Forget gardening, golfing and grandchildren. Today's retirees are going back to work — at least part time.
That's both by choice and necessity.
A FlexJobs' survey of over 2,000 professionals at or near retirement found that 70 percent need to work to pay for basic necessities, but almost 60 percent said they work because they enjoy it.
Then there are the psychological benefits. For seniors continuing to work at least part time, employment can ease the sometimes harsh transition into retirement by sidestepping an abrupt end to the career they may have built up over much of their lifetimes, according to Brie Reynolds, FlexJobs' senior career specialist.
In fact, 67 percent of U.S. workers said they'd prefer a "flexible transition" into retirement, the Transamerica Center for Retirement Studies found.
"Rather than committing the time and energy towards a full-time traditional job, retirees are looking for something more flexible, perhaps with part-time hours, flexible scheduling and the ability to work from home," Reynolds said.
But finding a new job in your 60s or 70s, particularly one with a highly desirable flexible schedule or part-time hours, can be challenging.
"It's easier said than done" said Catherine Collinson, the president and CEO of the Transamerica Institute and Transamerica Center for Retirement Studies. "Boomers are the first generation retiring at a later age — they are blazing that trail."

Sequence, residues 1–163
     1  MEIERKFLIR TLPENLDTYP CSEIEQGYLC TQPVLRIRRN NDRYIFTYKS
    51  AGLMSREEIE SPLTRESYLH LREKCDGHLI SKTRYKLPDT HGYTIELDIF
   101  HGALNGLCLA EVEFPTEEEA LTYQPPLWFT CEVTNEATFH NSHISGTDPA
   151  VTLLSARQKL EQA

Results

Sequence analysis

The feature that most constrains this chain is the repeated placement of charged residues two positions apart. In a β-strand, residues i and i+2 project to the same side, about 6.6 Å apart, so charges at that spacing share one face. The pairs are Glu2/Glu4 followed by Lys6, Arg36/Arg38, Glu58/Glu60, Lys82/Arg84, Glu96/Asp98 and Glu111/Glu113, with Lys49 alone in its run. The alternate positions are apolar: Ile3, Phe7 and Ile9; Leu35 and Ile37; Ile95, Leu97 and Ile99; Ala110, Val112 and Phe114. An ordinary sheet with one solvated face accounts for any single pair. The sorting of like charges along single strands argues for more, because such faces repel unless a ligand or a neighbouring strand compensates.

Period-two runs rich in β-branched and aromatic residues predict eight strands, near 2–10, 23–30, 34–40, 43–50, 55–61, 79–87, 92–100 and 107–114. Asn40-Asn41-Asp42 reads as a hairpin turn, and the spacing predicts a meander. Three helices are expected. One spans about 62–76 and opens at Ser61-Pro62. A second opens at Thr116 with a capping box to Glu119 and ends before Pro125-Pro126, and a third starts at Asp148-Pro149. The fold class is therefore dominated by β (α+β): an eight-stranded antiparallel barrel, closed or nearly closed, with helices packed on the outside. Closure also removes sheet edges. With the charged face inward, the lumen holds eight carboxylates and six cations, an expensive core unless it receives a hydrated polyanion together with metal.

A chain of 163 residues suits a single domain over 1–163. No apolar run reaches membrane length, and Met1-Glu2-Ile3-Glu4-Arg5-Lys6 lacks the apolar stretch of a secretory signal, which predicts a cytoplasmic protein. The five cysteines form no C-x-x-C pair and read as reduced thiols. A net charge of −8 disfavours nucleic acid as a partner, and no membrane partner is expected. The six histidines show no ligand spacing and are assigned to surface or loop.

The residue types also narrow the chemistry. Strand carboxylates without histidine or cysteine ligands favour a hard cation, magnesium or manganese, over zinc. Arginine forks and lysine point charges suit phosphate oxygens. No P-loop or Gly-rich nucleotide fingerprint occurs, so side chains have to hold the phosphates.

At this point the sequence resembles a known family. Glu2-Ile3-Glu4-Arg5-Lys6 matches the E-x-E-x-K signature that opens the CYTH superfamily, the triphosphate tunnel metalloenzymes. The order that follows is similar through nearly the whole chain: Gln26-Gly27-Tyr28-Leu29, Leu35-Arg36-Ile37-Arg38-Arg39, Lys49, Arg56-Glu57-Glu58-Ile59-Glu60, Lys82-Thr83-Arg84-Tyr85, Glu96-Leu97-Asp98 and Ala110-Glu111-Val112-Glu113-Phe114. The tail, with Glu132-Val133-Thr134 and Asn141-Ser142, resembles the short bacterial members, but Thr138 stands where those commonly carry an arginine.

Here are Collinson's tips for navigating the way.
For starters, "look before leaping, especially if you are already working," she said. Staying at your current gig is a good option to consider for soon-to-be retirees.
To that end, discretely do some research about going from full time to part time before you broach the subject with your employer. "You don't want to tip your hand," Collinson said.
Further, look into "what types of jobs or flexible work arrangements are available where you live," Collinson added. From Uber driver to freelance graphic designer, there could be other opportunities to work remotely or on your own schedule.
And finally, make sure that your skills are up to date. Take advantage of any continuing education at your current employer or enroll in courses at your local community college or a university extension program, which can be taken either in person or online, she said.
"That might also be an opportunity to network above and beyond what you learn in class," Collinson said.